Today, the black dog found me.
I’ve been wondering for a while about my mood. My sleep hasn’t been sufficient for me to feel rested, and I’m becoming an increasingly unpleasant people to be around. The worst part is I know that if I don’t want to spend time with myself, probably nobody else does either.
Depression, my friends, is a fucker. I can’t imagine living with it year-round, but even seasonally, it’s quite literally the worst feeling in the world.
It’s a mind-boggling, slimy and slippery, insidious creature. It feeds upon the thing my brain naturally does–thinking–and makes thinking the most dangerous thing I can do. I get thought-tunnel vision, as the dark thoughts slowly creep forward in my mind’s eye vision to obscure as many of the light thoughts as they can. I feel irritable and bitter because I am me, this person with these genetics and neurotransmitters, stuck inside this body and brain. I resent everyone around me, because I can’t see their burdens, or if they even carry any. My brain tries to convince me that I am completely and totally alone in this feeling, misunderstood and unwanted for it.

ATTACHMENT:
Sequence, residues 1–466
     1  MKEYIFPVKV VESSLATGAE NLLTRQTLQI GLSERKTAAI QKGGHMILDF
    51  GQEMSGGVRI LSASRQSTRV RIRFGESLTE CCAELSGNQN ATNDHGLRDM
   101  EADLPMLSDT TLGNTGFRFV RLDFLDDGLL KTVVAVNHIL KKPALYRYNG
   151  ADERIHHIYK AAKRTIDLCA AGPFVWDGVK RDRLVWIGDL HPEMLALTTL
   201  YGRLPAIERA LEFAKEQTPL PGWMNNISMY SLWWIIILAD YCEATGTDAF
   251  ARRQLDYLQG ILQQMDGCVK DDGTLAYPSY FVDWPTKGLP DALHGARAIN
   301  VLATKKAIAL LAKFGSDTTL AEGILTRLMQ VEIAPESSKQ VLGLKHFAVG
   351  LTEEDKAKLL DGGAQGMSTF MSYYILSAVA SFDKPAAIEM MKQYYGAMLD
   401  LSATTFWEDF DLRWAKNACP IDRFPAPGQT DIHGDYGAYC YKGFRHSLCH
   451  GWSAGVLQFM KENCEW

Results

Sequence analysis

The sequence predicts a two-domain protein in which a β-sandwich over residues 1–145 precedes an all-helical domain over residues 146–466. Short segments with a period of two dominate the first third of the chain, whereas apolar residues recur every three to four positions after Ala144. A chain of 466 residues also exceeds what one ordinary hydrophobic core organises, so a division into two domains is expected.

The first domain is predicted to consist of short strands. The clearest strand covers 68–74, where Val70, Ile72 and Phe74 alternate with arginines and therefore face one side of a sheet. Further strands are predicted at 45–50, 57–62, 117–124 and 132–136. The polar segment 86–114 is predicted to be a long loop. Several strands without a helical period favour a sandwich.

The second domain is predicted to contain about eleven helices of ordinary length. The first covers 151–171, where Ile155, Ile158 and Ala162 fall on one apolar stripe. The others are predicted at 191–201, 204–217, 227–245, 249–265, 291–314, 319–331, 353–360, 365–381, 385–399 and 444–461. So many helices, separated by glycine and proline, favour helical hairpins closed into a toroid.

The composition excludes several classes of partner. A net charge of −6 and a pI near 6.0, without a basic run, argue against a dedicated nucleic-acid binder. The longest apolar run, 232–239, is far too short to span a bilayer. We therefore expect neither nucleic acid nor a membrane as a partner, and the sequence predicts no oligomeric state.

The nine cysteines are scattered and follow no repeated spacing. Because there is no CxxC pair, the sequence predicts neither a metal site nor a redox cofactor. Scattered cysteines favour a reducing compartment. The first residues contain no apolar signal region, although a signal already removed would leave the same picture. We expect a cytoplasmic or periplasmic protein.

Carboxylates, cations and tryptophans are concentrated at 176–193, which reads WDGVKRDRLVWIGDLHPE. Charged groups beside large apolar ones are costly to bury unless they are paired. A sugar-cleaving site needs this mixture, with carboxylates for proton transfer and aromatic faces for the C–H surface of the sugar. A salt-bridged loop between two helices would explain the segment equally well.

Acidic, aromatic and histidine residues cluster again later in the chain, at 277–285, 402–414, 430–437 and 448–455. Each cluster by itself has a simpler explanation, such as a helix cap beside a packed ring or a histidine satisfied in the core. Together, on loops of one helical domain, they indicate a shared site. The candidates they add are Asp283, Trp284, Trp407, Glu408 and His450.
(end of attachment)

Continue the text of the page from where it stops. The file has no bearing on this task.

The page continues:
It’s bullshit of course, and after ten years of knowing I have Seasonal Affective Disorder, I know pretty well what the downhill looks like. It’s notably similar from year to year: exhaustion, irritability, weight gain, lost interest… Gosh, I’m a textbook. Even that makes me depressed.
It’s fascinating of course, to have a blog like this. To be able to go back and see previous years. In 2011 my first mention of depression was October 25, and the last mention that winter was in late January 2012. The winter of 2012 began October 21, and ran until the first weekend of February 2013. I was going to say that I thought it started at a different time each year, but clearly it doesn’t. I’d like to think that my new job, plus the prolific sunshine that has lately been gracing Seattle, maybe allowed me to skip the first six weeks of what would normally be a 12-week episode.
12-weeks! Of the 52 in the year! That’s so much time to be depressed, really. Almost a quarter of the year, and I spend it captive in my own mind.
I guess that $70,000 masters degree in clinical psychology was worth it though, because I’m trained in how to deal with exactly what I’m dealing with. They say doctors can’t treat themselves, and maybe I can’t perfectly, but there are certainly things I can try. I may not be able to change the genetics, the neurotransmitters, the temperature outside, or the amount of sunshine, but I can certainly change my thoughts and behaviors in response to that. They do call it “cognitive-behavioral therapy” for a reason.
Get off my back, depression, I’m already tired of you.